The Atrocity Exhibition Shows how to Disrupt Mass Media and Recontextualise Technology
The Norwegian capital of Oslo becomes the hotspot of a true cultural examination, a journey in which layers of society are about to unfold, where the contemporary popular concepts dominate, influence and thrive, while riding the wave of neoliberal economics and alienation of the very people they entertain. Taking the name and the inspiration from a classic 1970 book by JG Ballard, The Atrocity Exhibition, is an art show presented by Reed Projects and Nuart, in association with Oslo’s Galleri A / A Minor. Fourteen internationally renowned artists from locals to Korea, the US, Canada, Spain and Finland, will convey in Norway to address the apocalypse pop of today and the atrocities it keeps on presenting us with.
The Apocalypse of JG Ballard
The 1960s were a turbulent time, for the world at large but particularly for the United States. It was as though every single event out there was closely followed and put in the spotlight, be it the Vietnam war, Malcolm X, the assassinations of Kennedy or Martin Luther King, or even the death of Marilyn Monroe. It was a decade of violence that, accidentally or not, merged its fate with the rise of mass media. JG Ballard’s The Atrocity Exhibition is a fragmented and controversial collection of “condensed novels” that make an observation of these times, a chaptered narrative which follows a character by depicting his role and the many visions he has of the world around him. These visions turn out to be stories rich with public events and celebrities, about how the mass media landscape invades and occupies the private mind of any given individual.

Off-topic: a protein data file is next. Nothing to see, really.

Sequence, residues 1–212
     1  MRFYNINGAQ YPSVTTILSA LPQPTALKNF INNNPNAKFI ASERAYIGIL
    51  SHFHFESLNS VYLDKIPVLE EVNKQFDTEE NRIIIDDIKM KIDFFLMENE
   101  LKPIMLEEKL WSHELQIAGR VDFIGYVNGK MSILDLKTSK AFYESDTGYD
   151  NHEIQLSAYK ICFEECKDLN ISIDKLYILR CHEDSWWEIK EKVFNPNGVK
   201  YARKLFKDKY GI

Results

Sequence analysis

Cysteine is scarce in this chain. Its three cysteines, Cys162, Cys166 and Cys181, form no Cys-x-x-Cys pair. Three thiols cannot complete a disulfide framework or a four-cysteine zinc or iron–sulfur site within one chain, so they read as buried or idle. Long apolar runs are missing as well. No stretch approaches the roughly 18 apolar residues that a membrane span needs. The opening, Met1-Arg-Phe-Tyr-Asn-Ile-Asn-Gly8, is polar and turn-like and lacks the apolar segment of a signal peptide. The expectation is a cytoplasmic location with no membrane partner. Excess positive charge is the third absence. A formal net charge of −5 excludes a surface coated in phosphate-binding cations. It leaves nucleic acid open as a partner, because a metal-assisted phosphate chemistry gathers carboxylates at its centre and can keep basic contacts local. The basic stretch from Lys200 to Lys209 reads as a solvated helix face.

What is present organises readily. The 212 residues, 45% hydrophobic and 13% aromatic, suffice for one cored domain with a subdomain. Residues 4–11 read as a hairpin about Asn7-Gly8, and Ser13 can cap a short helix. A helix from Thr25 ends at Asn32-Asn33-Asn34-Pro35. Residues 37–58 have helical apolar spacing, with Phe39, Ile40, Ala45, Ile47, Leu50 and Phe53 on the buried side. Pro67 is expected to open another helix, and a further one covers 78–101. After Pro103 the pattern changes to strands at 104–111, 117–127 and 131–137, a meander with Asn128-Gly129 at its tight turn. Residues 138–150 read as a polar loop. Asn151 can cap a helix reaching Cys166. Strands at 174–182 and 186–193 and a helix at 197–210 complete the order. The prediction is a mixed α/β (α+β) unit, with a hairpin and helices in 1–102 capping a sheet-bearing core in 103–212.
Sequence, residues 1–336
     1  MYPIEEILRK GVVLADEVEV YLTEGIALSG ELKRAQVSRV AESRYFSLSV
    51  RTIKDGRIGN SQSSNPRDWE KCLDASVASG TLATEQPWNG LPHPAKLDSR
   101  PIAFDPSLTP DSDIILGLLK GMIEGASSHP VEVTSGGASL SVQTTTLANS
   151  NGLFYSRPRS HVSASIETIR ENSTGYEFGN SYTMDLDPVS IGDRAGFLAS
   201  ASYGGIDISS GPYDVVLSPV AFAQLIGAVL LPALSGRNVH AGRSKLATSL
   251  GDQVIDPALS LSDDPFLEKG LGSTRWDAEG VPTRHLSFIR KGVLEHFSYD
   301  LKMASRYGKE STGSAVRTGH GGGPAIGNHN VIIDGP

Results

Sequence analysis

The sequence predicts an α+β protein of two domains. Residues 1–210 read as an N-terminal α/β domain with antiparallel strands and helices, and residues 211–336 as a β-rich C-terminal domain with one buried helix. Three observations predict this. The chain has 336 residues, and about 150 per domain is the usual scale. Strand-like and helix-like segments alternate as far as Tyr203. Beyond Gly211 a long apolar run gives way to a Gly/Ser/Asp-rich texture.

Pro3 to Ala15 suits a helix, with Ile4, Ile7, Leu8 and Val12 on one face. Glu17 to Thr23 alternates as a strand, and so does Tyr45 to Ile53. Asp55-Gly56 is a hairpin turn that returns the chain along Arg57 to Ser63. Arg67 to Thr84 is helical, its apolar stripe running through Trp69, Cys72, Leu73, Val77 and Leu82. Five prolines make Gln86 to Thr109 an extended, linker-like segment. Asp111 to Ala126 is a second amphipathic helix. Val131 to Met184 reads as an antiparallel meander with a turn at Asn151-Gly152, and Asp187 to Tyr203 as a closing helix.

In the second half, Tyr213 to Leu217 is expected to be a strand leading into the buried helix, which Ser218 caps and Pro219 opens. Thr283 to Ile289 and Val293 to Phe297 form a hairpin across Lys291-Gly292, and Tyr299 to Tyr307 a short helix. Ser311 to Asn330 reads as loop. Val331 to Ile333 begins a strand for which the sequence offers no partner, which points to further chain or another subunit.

The Dirty Belly of Pop Culture Today
Now, The Atrocity Exhibition will get a slightly different form, but its idea will remain the same. What is it that today’s society has in common with the one living in the 1960s? Which are the themes they have in common? How are present day artists, In an era of smart phones, high speed internet access and the dawning of “smart” cities, portraying urban life? The creative individuals taking part in the show will aim to answer these questions through a variety of artworks based on the celebrated book as the instruction manual. The complete list of participating artists reads as follows: John Fekner (US), Axel Void (ES), Jeff Gillette (US), Spazuk (CA), Kim Byungkwan (KR), Jussi TwoSeven (FI), Line Osmundsen (NO), Dotdotdot (NO), Isaac Cordal (ES), Martin Whatson (NO), Nina Ghafari (IR), Pure Evil (UK), Wan Ho (NO/CH) and Carl Cashman (UK).
The Atrocity Exhibition at Galleri A
And so, from Banksy’s award-winning Dismaland and beyond straight to to Oslo’s Majorstuen, these artists will draw a parallel between the rise of the right and the dominance of neoliberal economics that have proven their role in the shaping of our culture and the cities themselves. The Atrocity Exhibition will be on view at Galleri A / A Minor in Oslo, Norway, in association with Reed Projects and Nuart, from May 27 through June 12, 2016. The preview is scheduled for May 26 at 6pm.
So here it is, the prophetic masterpiece. First published in 1970, this is a groundbreaking experimental novel by the acclaimed author of Crash and Super-Cannes. The irrational, all-pervading violence of the modern world is the subject of this extraordinary tour de force. The central character’s dreams are haunted by images of John F. Kennedy and Marilyn Monroe, dead astronauts and car-crash victims as he traverses the screaming wastes of nervous breakdown. Seeking his sanity, he casts himself in a number of roles: H-bomber pilot, presidential assassin, crash victim, psychopath. Finally, through the black, perverse magic of violence he transcends his psychic turmoil to find the key to a bizarre new sexuality. In this revised edition, Ballard has added extensive annotation that help to unlock many of the mysteries of one of the most prophetic, enigmatic and original works of the late twentieth century.
All images courtesy of Reed Projects.